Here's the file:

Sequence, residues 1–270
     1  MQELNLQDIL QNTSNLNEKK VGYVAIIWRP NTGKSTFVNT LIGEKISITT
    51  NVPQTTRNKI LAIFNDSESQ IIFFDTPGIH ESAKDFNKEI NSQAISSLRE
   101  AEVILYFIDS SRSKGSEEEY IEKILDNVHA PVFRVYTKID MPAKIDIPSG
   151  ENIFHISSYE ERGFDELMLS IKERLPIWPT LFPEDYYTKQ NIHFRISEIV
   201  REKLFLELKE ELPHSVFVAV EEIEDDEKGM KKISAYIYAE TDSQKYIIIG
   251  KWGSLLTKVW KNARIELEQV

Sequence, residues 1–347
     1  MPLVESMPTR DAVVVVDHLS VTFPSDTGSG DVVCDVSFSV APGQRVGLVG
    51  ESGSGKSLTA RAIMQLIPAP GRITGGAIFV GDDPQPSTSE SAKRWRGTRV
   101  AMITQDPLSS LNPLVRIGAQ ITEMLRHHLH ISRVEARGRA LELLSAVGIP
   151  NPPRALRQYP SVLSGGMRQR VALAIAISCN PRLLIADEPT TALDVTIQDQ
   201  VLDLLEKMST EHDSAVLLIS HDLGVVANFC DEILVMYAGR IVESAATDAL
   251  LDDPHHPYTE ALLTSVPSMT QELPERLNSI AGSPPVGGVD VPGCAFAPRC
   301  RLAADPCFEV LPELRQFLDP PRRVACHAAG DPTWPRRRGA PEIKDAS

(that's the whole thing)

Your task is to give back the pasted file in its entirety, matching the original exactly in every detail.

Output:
Sequence, residues 1–270
     1  MQELNLQDIL QNTSNLNEKK VGYVAIIWRP NTGKSTFVNT LIGEKISITT
    51  NVPQTTRNKI LAIFNDSESQ IIFFDTPGIH ESAKDFNKEI NSQAISSLRE
   101  AEVILYFIDS SRSKGSEEEY IEKILDNVHA PVFRVYTKID MPAKIDIPSG
   151  ENIFHISSYE ERGFDELMLS IKERLPIWPT LFPEDYYTKQ NIHFRISEIV
   201  REKLFLELKE ELPHSVFVAV EEIEDDEKGM KKISAYIYAE TDSQKYIIIG
   251  KWGSLLTKVW KNARIELEQV

Sequence, residues 1–347
     1  MPLVESMPTR DAVVVVDHLS VTFPSDTGSG DVVCDVSFSV APGQRVGLVG
    51  ESGSGKSLTA RAIMQLIPAP GRITGGAIFV GDDPQPSTSE SAKRWRGTRV
   101  AMITQDPLSS LNPLVRIGAQ ITEMLRHHLH ISRVEARGRA LELLSAVGIP
   151  NPPRALRQYP SVLSGGMRQR VALAIAISCN PRLLIADEPT TALDVTIQDQ
   201  VLDLLEKMST EHDSAVLLIS HDLGVVANFC DEILVMYAGR IVESAATDAL
   251  LDDPHHPYTE ALLTSVPSMT QELPERLNSI AGSPPVGGVD VPGCAFAPRC
   301  RLAADPCFEV LPELRQFLDP PRRVACHAAG DPTWPRRRGA PEIKDAS